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Nikon AF-S 28mm f/1.8G Lens Review
The Nikon AF-S 28mm f/1.8G is a wide angle prime lens designed for full frame (FX) cameras. It can also be used on APS-C bodies but instead of a wide angle view, you will see a near normal 42mm equivalent field of view.
The lens features a fast f/1.8 max aperture that is ideal for low light situations and can help to minimize depth of field. However, due to the 28mm focal length, shallow depth of field is more difficult to achieve. This is because of the physics of lens design. Wide angle lenses give more depth of field all else equal.
- Nikon AF-S 28mm f/1.8G - $699.95
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Overall image quality is very good on this lens. Being a fast prime, image quality is best around the mid range of the lens (f/8-f/11). Wide open, the image quality is quite good in the center, but the corners are not as good. however, since this is not a lens that you are likely going to use to shoot flat 2-dimensional subjects (like test charts) you will probably not notice the corner quality near as much as the depth of field blurring the corners. Especially when shot wide open. This is a lens that is most likely going to be used in landscapes and low-light indoors. In Landscapes you will be stopping down to f/8-f/11 for depth of field which will improve the corner image quality. When used in low light, shooting wide open will give you a shallow depth of field that will hide most corner quality issues.
On Full frame cameras when shot wide open this lens will vignette about 2-2.5 stops. however, this can be fixed in post processing fairly easily. Especially if you shoot in RAW. If you shoot in JPG, most modern Nikon DSLR cameras have built in lens correction that will fix the distortion in camera for you. Either way, vignetting is a non-issue.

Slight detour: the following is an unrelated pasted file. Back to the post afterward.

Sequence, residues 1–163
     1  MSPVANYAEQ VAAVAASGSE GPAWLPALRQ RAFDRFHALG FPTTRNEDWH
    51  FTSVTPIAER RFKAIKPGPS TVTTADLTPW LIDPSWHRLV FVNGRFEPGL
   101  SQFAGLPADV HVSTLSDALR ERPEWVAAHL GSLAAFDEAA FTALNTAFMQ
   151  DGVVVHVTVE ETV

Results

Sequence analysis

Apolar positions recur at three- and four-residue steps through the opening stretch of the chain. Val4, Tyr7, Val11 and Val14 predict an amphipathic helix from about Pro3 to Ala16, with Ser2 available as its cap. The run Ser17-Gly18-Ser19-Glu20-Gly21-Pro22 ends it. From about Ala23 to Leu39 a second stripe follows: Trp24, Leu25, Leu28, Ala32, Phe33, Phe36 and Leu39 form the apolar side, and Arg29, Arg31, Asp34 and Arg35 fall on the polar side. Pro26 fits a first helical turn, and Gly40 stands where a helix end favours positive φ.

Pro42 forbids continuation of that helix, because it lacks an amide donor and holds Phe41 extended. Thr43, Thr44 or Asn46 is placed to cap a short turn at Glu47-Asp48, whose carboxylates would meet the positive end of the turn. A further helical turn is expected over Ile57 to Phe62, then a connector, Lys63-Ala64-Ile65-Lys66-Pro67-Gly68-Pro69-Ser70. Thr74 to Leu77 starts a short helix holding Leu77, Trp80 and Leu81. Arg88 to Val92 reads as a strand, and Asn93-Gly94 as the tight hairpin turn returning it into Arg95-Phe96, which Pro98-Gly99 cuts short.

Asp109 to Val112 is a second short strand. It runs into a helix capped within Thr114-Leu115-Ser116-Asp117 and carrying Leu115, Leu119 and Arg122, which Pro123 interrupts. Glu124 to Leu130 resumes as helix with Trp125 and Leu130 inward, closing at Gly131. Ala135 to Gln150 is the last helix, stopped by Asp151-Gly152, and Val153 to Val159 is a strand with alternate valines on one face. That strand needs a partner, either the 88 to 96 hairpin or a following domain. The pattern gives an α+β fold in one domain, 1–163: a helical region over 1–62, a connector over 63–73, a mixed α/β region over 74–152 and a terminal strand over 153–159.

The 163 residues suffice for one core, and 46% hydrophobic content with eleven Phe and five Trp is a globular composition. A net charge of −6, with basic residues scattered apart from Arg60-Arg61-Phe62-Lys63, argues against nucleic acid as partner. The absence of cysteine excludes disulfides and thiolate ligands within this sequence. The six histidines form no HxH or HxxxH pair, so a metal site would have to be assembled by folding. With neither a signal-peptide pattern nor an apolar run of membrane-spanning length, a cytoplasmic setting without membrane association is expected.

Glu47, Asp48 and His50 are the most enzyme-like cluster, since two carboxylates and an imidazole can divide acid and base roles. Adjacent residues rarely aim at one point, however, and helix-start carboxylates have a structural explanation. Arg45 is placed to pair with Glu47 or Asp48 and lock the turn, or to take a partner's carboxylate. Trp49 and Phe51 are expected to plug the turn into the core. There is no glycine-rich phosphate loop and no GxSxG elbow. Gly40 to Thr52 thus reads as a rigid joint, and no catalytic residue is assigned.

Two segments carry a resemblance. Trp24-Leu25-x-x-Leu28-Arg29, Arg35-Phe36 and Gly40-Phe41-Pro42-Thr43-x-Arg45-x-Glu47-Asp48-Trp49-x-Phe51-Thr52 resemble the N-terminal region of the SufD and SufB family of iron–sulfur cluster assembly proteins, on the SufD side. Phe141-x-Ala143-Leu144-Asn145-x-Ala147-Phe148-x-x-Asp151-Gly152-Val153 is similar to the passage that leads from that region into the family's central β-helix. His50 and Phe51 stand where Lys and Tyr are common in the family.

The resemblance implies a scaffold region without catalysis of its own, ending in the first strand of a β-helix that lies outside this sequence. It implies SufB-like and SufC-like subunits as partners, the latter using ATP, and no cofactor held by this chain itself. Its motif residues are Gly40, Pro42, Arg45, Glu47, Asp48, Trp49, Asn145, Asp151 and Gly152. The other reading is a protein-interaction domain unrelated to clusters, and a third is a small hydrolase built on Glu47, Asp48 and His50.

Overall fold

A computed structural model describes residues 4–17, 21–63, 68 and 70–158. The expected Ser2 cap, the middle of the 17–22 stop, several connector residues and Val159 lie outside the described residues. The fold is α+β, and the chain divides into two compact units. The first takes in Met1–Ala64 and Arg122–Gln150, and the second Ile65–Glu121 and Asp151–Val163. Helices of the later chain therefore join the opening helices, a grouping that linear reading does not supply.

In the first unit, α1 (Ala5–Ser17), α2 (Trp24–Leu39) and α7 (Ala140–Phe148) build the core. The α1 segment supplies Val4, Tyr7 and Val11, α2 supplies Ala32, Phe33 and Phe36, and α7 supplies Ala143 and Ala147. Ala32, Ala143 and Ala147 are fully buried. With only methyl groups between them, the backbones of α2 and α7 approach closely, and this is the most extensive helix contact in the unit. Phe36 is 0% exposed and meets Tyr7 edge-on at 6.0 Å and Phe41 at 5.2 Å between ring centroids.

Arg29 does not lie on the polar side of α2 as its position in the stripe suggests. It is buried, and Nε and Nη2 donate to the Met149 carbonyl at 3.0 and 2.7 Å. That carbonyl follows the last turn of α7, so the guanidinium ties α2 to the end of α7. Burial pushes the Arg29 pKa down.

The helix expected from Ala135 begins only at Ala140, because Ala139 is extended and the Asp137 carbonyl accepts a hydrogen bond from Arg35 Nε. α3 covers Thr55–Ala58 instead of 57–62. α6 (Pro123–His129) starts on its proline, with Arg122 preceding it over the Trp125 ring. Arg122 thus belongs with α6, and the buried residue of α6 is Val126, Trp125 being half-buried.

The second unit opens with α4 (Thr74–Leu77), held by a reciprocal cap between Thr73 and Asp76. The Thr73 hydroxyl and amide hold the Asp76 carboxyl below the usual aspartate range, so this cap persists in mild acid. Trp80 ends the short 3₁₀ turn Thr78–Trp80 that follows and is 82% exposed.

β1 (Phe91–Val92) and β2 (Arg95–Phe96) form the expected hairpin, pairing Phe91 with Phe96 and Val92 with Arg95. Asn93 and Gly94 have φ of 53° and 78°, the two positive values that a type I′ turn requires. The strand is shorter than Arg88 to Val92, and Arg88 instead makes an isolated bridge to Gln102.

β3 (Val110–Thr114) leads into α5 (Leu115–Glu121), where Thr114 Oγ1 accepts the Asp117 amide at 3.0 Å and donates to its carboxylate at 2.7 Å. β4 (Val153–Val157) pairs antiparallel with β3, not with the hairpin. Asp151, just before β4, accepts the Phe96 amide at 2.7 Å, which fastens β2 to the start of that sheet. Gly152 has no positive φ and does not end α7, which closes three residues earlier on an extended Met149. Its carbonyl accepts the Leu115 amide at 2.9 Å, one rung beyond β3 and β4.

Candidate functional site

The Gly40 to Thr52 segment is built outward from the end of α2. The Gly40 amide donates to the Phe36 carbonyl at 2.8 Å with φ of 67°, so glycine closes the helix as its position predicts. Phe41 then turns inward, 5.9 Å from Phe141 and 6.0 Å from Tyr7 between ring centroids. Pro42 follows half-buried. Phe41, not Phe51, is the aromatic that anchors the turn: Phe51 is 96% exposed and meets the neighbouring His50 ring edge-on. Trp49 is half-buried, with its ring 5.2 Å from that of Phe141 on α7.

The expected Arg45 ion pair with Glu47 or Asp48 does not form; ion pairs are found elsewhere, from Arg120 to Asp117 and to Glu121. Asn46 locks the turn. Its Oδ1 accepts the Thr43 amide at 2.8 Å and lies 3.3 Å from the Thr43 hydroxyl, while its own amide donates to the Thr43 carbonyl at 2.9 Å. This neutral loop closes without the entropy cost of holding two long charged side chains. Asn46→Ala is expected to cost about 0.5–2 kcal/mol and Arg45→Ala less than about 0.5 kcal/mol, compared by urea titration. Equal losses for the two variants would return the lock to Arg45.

This lens does have a decent, although perceptible distortion of just .8% on full frame and .3% on APS-C cameras. Like vignetting, this is easy to correct if you shoot RAW or if you have a Nikon DSLR camera built in the last 4-5 years and shoot JPG, your camera can correct distortion on the fly.
CA is almost non-existent on this lens, and the little bit there is can be fixed quite easily in post processing if you shoot in RAW.
Build quality is decent, although the lens body is a little lighter and sound a bit more hollow than I like for it’s price point. The lens is not weather sealed, which means it is not necessarily a great choice for photographing skiing and snowboarding up close.
What I Like
- Includes Lens Hood and soft lens pouch
- Fast f/1.8 aperture
What I Don't Like
- Not image stabilized
The Bottom Line
If you want a fast wide prime that wont break the bank, then the Nikon 28mm f/1.8 is a great choice. However, the Tamron 35mm f/1.8 is just a little bit less wide, but costs less, is better built (Much more solid and weatherproof) and has image stabilization. The difference between 28 and 35mm is only about a step or 2 forwards/backwards for the photographer in most cases. If you can get by with 35mm instead of 28mm then I would suggest the Tamron. But if you really need to have the extra 7mm on the wide end, then the Nikon is a good choice.
Overall User Rating
4.59 out of 5
based on 237 user reviews online.
: 72% (170.28)
: 21% (48.82)
: 3% (7.78)
: 3% (7.34)
: 1% (2.78)
|Focal Length||28 mm|
|Minimum Focus distance||10.2 inches|
|Number of Elements||11|
|Number of Groups||9|
|Aperture Blade Design||Not Specified|
|Number of Aperture Blades||7|
|Filter Size||67 mm|
|Lens Mount Construction||Metal|
|Distance Scale||Yes - With Hyper Focal Markings|